Kissell listed among top five most vulnerable Democrats
Published 12:00 am Friday, August 26, 2011
By Karissa Minn
U.S. Rep. Larry Kissell has been named the most vulnerable Democrat in the nation heading into the 2012 Congressional elections by a Washington, D.C., publication that covers Congress.
The Hill, a non-partisan newspaper focused on federal government and politics, listed the five most vulnerable Democrats. Kissell made the list because of redistricting by the Republican-controlled General Assembly, which changed the demographics of his district.
ěKissell survived a competitive 2010 race, winning with 53 percent of the vote,î wrote Cameron Joseph. ěBut … his district goes from one that would have given (2008 GOP presidential candidate John) McCain 47 percent of the vote to one that would have given him 57 percent of the vote.î
Kissell represents the 8th District, which currently includes most of Cabarrus County. According to a new map passed by the N.C. General Assembly and awaiting federal approval, his district would spread into southeastern Rowan and Davidson counties next year.
Christopher Schuler, Kissellís communications director, said people in Washington have ěunderestimatedî Kissell for the past two elections, which he won by margins of 11.5 percent and 9.5 percent.
ěHe has been named one of the most moderate members of Congress, and thatís exactly what the people of our area are looking for ó a Congressman who does what is right and in the best interest of the people he represents, not political parties or special interests,î Schuler said.
Kissell won the seat by ousting five-term Republican Robin Hayes in 2008. Hayes now leads the state Republican Party.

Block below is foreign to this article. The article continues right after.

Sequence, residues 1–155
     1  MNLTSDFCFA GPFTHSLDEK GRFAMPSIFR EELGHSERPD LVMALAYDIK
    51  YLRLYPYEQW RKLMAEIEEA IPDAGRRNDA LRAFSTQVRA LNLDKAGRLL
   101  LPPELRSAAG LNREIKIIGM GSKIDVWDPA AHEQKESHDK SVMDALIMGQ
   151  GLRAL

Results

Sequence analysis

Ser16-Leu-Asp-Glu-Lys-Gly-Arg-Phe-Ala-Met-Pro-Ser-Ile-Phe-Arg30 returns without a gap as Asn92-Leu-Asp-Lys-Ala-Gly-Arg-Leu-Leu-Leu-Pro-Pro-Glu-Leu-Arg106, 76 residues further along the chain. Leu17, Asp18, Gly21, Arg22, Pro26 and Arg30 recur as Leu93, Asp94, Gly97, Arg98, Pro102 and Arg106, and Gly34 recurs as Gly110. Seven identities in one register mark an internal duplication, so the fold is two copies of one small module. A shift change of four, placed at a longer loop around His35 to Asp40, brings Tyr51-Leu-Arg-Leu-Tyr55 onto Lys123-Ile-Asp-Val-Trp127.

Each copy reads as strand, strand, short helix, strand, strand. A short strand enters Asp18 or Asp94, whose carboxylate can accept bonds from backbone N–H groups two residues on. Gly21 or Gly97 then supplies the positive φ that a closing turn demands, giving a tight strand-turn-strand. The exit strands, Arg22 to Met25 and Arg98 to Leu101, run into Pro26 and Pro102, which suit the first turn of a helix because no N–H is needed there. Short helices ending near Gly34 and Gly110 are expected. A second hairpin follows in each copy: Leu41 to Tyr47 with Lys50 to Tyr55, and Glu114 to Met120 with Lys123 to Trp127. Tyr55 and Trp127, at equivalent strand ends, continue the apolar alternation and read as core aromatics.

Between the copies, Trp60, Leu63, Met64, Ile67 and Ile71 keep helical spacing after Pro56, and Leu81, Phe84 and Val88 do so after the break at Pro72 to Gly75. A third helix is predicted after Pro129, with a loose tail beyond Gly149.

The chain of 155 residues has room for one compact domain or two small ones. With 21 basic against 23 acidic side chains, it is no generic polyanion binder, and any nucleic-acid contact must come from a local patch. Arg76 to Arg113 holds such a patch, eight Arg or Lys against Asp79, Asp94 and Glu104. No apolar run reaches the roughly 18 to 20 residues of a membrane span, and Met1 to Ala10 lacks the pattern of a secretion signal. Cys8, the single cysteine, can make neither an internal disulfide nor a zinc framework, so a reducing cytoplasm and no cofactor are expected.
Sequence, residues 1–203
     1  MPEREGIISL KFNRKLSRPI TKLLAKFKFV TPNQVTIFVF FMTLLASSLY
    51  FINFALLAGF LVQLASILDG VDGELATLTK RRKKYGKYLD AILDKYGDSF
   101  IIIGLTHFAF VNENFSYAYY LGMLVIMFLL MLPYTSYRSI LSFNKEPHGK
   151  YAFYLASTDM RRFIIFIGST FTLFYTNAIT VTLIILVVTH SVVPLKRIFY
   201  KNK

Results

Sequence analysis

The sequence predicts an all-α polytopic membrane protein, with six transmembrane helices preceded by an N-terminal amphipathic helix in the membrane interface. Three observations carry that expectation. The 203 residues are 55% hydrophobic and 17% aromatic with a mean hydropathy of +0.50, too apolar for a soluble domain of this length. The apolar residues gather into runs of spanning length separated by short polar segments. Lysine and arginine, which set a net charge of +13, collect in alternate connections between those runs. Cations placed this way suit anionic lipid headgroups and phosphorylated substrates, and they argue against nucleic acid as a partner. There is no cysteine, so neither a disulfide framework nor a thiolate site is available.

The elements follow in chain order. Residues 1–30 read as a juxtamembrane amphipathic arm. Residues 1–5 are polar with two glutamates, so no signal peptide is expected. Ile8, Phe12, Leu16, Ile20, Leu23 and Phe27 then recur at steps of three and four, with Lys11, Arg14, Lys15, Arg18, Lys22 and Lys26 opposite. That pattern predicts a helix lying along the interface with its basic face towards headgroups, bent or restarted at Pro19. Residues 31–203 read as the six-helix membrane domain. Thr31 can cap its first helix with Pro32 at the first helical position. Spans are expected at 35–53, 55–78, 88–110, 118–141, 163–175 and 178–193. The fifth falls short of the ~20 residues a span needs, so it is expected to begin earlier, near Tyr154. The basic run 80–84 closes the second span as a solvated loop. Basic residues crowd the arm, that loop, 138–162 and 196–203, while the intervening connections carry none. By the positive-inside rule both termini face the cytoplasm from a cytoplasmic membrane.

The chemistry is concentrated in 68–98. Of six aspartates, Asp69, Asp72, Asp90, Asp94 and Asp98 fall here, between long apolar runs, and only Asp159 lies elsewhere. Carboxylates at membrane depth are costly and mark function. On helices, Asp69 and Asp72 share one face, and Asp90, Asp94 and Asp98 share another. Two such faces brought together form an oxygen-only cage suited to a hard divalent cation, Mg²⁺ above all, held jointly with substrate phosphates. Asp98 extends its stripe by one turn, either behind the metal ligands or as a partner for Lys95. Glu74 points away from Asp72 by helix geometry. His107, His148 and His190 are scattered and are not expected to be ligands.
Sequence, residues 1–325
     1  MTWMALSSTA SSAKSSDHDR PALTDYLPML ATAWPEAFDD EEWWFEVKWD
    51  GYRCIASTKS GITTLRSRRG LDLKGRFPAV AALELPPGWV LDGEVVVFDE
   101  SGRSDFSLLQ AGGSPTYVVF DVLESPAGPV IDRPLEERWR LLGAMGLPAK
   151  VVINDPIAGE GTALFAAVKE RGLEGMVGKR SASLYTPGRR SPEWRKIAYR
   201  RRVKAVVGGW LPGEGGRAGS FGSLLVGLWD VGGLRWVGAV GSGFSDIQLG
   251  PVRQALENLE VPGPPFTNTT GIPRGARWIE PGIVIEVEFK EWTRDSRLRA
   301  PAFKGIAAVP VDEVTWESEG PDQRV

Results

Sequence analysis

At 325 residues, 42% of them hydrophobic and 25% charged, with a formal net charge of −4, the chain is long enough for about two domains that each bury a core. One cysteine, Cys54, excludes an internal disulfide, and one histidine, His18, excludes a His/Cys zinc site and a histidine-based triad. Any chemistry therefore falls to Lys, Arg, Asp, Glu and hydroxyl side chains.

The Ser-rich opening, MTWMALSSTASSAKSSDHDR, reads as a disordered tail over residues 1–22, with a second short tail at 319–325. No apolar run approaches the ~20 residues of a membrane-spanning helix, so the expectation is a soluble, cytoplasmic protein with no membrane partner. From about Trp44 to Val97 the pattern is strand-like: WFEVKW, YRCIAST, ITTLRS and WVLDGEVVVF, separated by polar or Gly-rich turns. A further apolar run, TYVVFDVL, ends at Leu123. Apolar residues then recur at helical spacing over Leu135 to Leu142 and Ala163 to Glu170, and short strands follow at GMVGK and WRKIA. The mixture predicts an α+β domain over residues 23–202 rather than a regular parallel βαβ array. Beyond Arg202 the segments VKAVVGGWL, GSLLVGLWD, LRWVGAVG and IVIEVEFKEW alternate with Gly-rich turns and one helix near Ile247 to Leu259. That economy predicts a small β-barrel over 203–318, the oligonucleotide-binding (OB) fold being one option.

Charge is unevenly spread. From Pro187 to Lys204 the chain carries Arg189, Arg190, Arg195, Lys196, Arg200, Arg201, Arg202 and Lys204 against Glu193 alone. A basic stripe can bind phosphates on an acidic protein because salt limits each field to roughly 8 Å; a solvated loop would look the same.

For now, Kissell has a sizable fundraising advantage over his potential opponents, according to filings with the Federal Election Commission. As of June 30, he had $121,614 cash on hand.
Scott Keadle, a Republican Salisbury dentist and former Iredell County commissioner, reported $35 cash on hand and $20,000 in debt.
While Keadleís campaign reported no receipts or disbursements so far in this race, this is his third run for a seat in Congress. Last year, he tried unsuccessfully to unseat 10th District Rep. Patrick McHenry in a GOP primary. In 1998, when he lived in Rowan County, Keadle challenged Democratic U.S. Rep. Mel Watt in the 12th District.
Daniel Barry, the Republican mayor pro tem of the Union County town of Weddington, reported no receipts as of June 30 and no cash on hand. Independent Todd Foreman also reported no receipts and no cash on hand.
Other representatives from North Carolina on The Hillís ěmost vulnerableî list are Heath Shuler at No. 4 and ěHonorable Mentionsî David Price and Mike McIntyre.
An equivalent list of the top 5 vulnerable Republicans in Congress did not include any from North Carolina.